Turning on Intel Edison with mini breakout board
When you got the Intel Edison and unboxed it, you can be very embarrassed(especially with the mini breakout board). Only Edison module, mini breakout board and some nuts are all in the box. No cable, no manual included.
So first of all, I recommend you to read these documents from Intel.
– Edison module: https://communities.intel.com/docs/DOC-23158
– Breakout Board: https://communities.intel.com/docs/DOC-23252
– Arduino Board: https://communities.intel.com/docs/DOC-23161
and you can find more documents including schematic here.
(It is hard to say that every information about edison is there, but Intel quite frequently adds and updates the documents.)
In this post, I explain how to connect the power to Edison and turn it on.
On the topside of Breakout board, you can see some jumpers. And with these jumpers, you can supply the power to Edison with 4 methods.
0. Before you start
Assemble your edison kit. Place Edison module on mini breakout board. Press down edison module and check the 70 pin connectors are well connected. Then tighten two hex nuts onto two screws softly.
1. Using USB cable
This is most simple and familiar way. Breakout board has two USB ports, J3 and J16. J3 is leading from the UART-USB converter chip, so it is for accessing the linux console.
J16 is an USB On The Go(OTG) port. You can use a USB cable with micro-B connector(most common usb cable, the same one for android phones). When Edison is connected to a PC with the cable, the PC will be the host and Edison will run as a client. Also the PC will supply the power to Edison and Edison will be turned up instantly.
If you have a USB cable with micro-A connector(aka. OTG cable), you can use the cable to connect your Edison with other USB device. In this case, Edison becomes USB host and supply power to the device. Of course in this case, you need other power source for Edison instead of J16.
2. External power supply
With J21, you can supply DC power directly to Edison. The input voltage range is from 7V to 15V, so you can choose any power source you want. I used a 9V battery in this post. Be careful about the polarity. The pin close to the edge is for the ground(GND, black line), and the inner one is for the positive(+, red line).
3. Lithium battery
You can use J1 and J2 with Lithium battary(Lithium Ion or Polymer). Connect battery’s red line to J2’s left pin(the one close to the edge) and black line to right pin. If the battery is charged enough, Edison will be switched up. The Breakout board contains lithium battery charging circuit, so you don’t need to worry about how to charge the battery. When Edison is connected to USB power or external power source, the Lithium battery will be in charging. However the mini breakout board has no ADC(Analog-digital converter), thus it is impossible to monitor the battery’s voltage level and battery remains.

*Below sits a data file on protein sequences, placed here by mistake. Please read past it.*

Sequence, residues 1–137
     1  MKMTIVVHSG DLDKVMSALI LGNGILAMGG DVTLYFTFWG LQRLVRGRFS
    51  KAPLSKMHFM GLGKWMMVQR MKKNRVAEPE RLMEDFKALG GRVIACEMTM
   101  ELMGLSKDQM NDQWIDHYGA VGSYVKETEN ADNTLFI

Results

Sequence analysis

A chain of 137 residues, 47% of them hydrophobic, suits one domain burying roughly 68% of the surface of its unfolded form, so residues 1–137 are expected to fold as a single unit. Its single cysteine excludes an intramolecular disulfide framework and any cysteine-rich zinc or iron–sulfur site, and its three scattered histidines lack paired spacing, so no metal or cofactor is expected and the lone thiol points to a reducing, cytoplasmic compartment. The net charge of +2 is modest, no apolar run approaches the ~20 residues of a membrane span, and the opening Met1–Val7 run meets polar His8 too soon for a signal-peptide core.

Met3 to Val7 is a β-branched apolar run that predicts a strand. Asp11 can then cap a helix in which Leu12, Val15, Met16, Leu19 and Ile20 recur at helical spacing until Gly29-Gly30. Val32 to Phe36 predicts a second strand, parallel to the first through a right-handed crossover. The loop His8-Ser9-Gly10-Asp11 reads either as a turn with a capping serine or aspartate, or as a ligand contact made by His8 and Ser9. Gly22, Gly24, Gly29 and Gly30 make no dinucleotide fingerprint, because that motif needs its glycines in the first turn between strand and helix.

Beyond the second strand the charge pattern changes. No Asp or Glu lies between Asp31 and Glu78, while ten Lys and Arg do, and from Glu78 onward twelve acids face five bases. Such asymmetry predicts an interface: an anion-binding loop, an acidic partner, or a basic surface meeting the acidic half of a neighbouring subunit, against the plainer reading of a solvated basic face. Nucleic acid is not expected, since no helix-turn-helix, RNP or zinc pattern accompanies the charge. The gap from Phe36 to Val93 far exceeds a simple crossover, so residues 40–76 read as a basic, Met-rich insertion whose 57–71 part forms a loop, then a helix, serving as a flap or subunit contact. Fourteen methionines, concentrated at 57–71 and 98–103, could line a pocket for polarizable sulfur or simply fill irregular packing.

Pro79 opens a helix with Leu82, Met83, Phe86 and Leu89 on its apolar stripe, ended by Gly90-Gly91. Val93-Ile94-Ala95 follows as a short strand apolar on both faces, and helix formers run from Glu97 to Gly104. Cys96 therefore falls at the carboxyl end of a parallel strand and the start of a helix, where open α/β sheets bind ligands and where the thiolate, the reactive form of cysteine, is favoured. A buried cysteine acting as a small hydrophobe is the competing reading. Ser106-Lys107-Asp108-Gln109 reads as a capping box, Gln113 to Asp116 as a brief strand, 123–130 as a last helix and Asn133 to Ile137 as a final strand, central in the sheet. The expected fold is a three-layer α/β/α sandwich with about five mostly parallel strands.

Another pin J1 is for connecting with thermistor of lithium battery. If your battery has additional line for thermistor, you can connect it to J1. If not, just remain the pin as it was with the jumper.
4. External power supply2(DC power socket)
J22 is located on the bottom side of the breakout board. You can solder a DC power socket to J22 and supply power through the socket. Like J21 pin, the input voltage range is from 7V to 15V. If you are going to use AC/DC adaptor in your Edison project, this is worth consideration.
In addition, you can supply power using the power pin holes of the breakout board. Read the hardware guide. https://communities.intel.com/docs/DOC-23252
Power button and LEDs
Breakout board has two LEDs to check power status.
DS2 indicates the power status of Edison module. When DS2 is on, it means Edison is on and running. If DS2 is off, Edison module is off. DS3 shows the status of external power and charging status. When breakout board is connected to the power source with USB or J21, DS3 lights up which means external power source is connected and can charge lithium battery. When the lithium battery is fully charged, DS3 will be turned off.
The button, SW1, is for changing power mode of Edison. When you press the button momentarily, Edison will be sleep state. By pressing it again, you can wake Edison up. If you press the button for some seconds(>7 secs), Edison will be turned off. You can see DS2 is also off. To turn on Edison module, press the button for some seconds(>7 secs) again.
I hope this post help the starters of Edison to choose the power source as you want in your projects.
Thanks for sharing what you have learned about the Edison. It amazes me that Intel has published so little.